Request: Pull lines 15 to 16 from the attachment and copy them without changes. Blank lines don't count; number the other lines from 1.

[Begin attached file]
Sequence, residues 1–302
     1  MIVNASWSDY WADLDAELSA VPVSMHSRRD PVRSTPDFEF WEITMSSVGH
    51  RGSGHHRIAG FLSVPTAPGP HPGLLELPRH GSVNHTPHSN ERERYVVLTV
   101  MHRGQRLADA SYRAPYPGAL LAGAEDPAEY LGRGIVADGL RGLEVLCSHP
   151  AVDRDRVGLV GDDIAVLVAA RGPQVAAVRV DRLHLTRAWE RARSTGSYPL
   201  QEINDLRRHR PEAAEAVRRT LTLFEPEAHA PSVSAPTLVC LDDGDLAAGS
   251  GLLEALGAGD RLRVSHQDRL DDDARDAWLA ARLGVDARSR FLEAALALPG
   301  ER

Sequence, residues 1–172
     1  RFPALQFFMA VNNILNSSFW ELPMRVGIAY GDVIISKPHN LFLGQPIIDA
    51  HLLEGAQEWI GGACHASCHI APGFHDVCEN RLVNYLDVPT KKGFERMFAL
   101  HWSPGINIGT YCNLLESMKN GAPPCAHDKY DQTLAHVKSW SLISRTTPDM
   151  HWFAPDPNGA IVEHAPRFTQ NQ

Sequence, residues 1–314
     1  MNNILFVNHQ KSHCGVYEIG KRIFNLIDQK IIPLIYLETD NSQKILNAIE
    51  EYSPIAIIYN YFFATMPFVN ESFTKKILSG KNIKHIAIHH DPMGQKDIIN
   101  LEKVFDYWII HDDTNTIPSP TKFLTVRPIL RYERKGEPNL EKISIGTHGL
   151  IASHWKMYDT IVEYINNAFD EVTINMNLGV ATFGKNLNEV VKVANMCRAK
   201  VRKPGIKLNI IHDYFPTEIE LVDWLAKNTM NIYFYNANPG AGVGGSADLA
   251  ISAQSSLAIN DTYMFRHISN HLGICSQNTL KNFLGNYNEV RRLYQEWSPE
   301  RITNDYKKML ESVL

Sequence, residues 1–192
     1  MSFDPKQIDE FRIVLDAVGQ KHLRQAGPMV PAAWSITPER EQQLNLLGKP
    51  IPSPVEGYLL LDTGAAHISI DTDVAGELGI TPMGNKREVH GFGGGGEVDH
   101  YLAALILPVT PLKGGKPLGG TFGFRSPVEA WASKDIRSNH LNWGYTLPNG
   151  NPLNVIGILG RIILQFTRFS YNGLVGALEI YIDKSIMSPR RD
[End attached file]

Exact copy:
     1  MNNILFVNHQ KSHCGVYEIG KRIFNLIDQK IIPLIYLETD NSQKILNAIE
    51  EYSPIAIIYN YFFATMPFVN ESFTKKILSG KNIKHIAIHH DPMGQKDIIN